I thought I’d bring to people’s attention to a recent Op Ed from Tony Blair in the Wall Street Journal on the Rise of China and the Olympics. I think the piece is interesting as a genuine attempt by a Western Leader (or at least a former Western leader) to understand – in good faith – the Rise of China and the Olympics.
About the Chinese people, Blair observed:
These people, men and women, were smart, sharp, forthright, unafraid to express their views about China and its future. Above all, there was a confidence, an optimism, a lack of the cynical, and a presence of the spirit of get up and go, that reminded me greatly of the U.S. at its best and any country on its way forward.
On his observation of modern China, Blair offered:
During my 10 years as British leader, I could see the accelerating pace of China’s continued emergence as a major power. I gave speeches about China, I understood it analytically. But I did not feel it emotionally and therefore did not fully understand it politically.
On the challenges facing China, Blair had this to offer:
The Chinese leadership is understandably preoccupied with internal development. Beijing and Shanghai no more paint for you the complete picture of China than New York and Washington do of the U.S. Understanding the internal challenge is fundamental to understanding China, its politics and its psyche. We in Europe have roughly 5% of our population employed in agriculture. China has almost 60%. Over the coming years it will seek to move hundreds of millions of its people from a rural to an urban economy.
On the need for Political Stability, Tony explained (bravely I thought):
For China, this economic and social transformation has to come with political stability. It is in all our interests that it does. The policy of One China is not a piece of indulgent nationalism. It is an existential issue if China is to hold together in a peaceful and stable manner as it modernizes. This is why Tibet is not simply a religious issue for China but a profoundly political one — Tibet being roughly a quarter of China’s land mass albeit with a small population.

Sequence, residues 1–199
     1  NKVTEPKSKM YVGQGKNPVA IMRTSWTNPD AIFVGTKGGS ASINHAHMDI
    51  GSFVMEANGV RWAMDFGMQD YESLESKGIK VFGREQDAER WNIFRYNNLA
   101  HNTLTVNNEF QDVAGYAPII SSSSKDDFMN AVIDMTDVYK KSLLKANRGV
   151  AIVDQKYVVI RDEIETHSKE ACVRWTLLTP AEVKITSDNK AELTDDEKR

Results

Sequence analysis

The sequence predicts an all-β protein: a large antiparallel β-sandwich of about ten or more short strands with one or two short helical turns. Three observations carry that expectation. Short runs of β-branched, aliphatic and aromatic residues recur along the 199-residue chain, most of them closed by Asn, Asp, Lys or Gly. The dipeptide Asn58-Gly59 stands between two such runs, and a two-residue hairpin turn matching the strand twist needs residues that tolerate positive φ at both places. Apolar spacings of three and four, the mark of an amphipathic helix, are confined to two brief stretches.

So we should continue to engage in a dialogue over the issues that rightly concern people, but we should conduct it with at least some sensitivity to the way China sees them.
On the coming changes in geopolitics, Blair put forth:
This means that the West needs a strong partnership with China, one that goes deep, not just economically but politically and culturally. The truth is that nothing in the 21st century will work well without China’s full engagement. The challenges we face today are global. China is now a major global player. So whether the issue is climate change, Africa, world trade or the myriad of security questions, we need China to be constructive; we need it to be using its power in partnership with us. None of this means we shouldn’t continue to raise the issues of human rights, religious freedoms and democratic reforms as European and American leaders have done in recent weeks.
It is possible to hyperbolize about the rise of China. For example, Europe’s economies are still major and combined outreach those of China and India combined. But, as the Olympics and its medal tables show, it is not going to stay that way. This is a historic moment of change. Fast forward 10 years and everyone will know it.
For centuries, the power has resided in the West, with various European powers including the British Empire and then, in the 20th century, the U.S. Now we will have to come to terms with a world in which the power is shared with the Far East. I wonder if we quite understand what that means, we whose culture (not just our politics and economies) has dominated for so long. It will be a rather strange, possibly unnerving experience. Personally, I think it will be incredibly enriching. New experiences; new ways of thinking liberate creative energy. But in any event, it will be a fact we have to come to terms with. For the next U.S. president, this will be or should be at the very top of the agenda, and as a result of the strength of the Sino-U.S. relationship under President Bush, there is a sound platform to build upon.
As a conclusion, Blair offered:
My thoughts after the Beijing Games are that we shouldn’t try to emulate the wonder of the opening ceremony. It was the spectacular to end all spectaculars and probably can never be bettered. We should instead do something different, drawing maybe on the ideals and spirit of the Olympic movement. We should do it our way, like they did it theirs. And we should learn from and respect each other. That is the way of the 21st century.
While Blair on the whole still exudes of western centrism (he for example still assumes the western conception of human rights and religious freedom to be fundamental rights when in reality Chinese are not so ideological and tend to see conception of human rights and religious freedom more in terms of social equity and social stability…), I nevertheless think it’s overall a good piece – and perhaps representative of a new Western dialog on China …. post the Olympics.